Court reporters can use you help in these six suggested ways . The number one objective of court reporters is to preserve accurate and high-quality records for each of our customers. After all, without concise records of the case, it would be difficult – if not impossible to properly manage complex legal proceedings.
While it is a stenographer’s job to keep records that accurately reflect the deposition, there are certain things that you – as a legal assistant or paralegal – can do to make our jobs easier. Here are a few of them.
1. Sharing Case Captions with the Court Reporters
Near or at the top of the list of critical items to share with your court reporter is the case caption. Namely, the caption is important because it contains the title page of the transcript. So if you want to ensure that your deposition specialist has access to the case caption, you may want to get it to her before the deposition.
2. Maintain a Record of Appearances
Another important detail that you don’t want to leave out when requesting a deposition would be the names of all who may be present during the deposition–excluding attorneys. This helps the transcriptionist keep track of anyone who addresses the court.
3. Provide Uncommon Spellings
Another area that can slow your stenographer down is odd spellings. However, you can prevent misspellings in advance by proactively sharing the spelling of any uncommon names or words with the deposition specialist beforehand.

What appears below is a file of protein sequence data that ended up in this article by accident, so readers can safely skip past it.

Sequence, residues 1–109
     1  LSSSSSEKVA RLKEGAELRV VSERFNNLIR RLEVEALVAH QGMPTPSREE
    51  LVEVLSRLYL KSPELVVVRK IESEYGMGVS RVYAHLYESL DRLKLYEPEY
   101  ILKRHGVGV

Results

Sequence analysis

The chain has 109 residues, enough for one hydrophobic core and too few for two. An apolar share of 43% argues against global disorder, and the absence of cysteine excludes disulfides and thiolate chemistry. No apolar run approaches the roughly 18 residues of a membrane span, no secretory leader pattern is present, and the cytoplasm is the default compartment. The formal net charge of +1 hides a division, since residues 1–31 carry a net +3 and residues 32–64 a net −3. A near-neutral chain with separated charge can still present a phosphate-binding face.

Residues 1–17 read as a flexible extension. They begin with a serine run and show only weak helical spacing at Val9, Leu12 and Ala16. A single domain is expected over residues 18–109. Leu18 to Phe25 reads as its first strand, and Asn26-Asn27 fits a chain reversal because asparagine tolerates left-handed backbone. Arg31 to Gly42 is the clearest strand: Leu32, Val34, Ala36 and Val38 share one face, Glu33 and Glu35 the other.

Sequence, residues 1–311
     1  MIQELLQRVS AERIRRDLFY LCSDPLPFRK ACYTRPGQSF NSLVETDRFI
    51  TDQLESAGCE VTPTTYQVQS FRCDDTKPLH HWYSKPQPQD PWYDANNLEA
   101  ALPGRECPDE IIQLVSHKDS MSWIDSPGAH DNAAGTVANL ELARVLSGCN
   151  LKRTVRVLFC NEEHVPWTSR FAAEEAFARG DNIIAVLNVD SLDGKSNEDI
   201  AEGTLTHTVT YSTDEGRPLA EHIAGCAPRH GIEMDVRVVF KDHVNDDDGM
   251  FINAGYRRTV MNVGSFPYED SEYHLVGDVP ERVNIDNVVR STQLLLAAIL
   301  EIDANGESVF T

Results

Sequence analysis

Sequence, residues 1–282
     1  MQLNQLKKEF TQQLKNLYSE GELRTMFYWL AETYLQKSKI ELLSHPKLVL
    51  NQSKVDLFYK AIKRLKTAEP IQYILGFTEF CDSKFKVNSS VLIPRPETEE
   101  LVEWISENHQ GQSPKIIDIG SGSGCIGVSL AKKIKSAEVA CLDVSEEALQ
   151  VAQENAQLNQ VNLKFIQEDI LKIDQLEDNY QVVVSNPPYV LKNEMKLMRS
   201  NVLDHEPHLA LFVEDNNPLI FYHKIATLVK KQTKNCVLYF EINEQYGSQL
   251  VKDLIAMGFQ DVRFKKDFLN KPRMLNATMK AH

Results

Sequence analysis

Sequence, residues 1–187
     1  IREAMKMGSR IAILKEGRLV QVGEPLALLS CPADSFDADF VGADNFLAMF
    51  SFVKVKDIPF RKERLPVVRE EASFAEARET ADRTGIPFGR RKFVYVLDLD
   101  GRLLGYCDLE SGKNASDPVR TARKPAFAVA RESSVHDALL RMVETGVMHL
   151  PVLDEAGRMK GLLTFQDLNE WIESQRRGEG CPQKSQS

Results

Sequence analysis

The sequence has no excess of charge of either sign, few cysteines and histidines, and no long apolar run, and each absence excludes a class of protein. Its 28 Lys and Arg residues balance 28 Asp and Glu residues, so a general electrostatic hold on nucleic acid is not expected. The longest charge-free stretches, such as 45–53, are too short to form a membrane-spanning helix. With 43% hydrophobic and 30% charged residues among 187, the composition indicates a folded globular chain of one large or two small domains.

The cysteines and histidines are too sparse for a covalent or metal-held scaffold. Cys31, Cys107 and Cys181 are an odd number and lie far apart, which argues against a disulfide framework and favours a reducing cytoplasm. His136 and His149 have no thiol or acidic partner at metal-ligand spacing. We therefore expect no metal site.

Likewise, outside of uniquely spelled words, there are other instances where you may want to provide a spelling list with your court reporter. For example, this may be required for certain technical terms that the transcriptionist does not use on a regular basis.
4. Ordering the Transcript
When the deposition is over your court reporter may ask if you would like to purchase records. If you do need transcripts, it helps to be prepared; which means knowing which format you need the transcript in before the court reporters asks you.
Please note that sometimes it can take a while to compile the records. If this happens, remember to be patient with the court reporter.
5. Share Email Addresses
Since email messages tend to be the preferred method of communication for stenographers, you’ll want to get into the habit of emailing them. The good news is that when you do so, your records will arrive intact and on time. In addition to your email address you may also want to share your lead attorney’s email address, as well.
6. Give Lunch Breaks
You’ve often heard it said that it’s the little things that count. The same holds true with stenographers who do so much just to ensure that your cases run smoothly. For instance, a deposition can easily last for several hours or more.
This is the perfect opportunity to show the court reporter that you care by allotting break time and having lunch delivered. Not only does this help the stenographer but since it gives the transcriptionist’s mind time to rest, it ultimately makes for better court reporting, as well.
As you can see, several of the items above can be shared with the stenographer before the start of proceedings.The bottom line is that heeding these suggestions can ultimately help devote more time to your case.
We thank you for taking the time to read our blog and all interested parties can Schedule a Deposition with us by clicking here.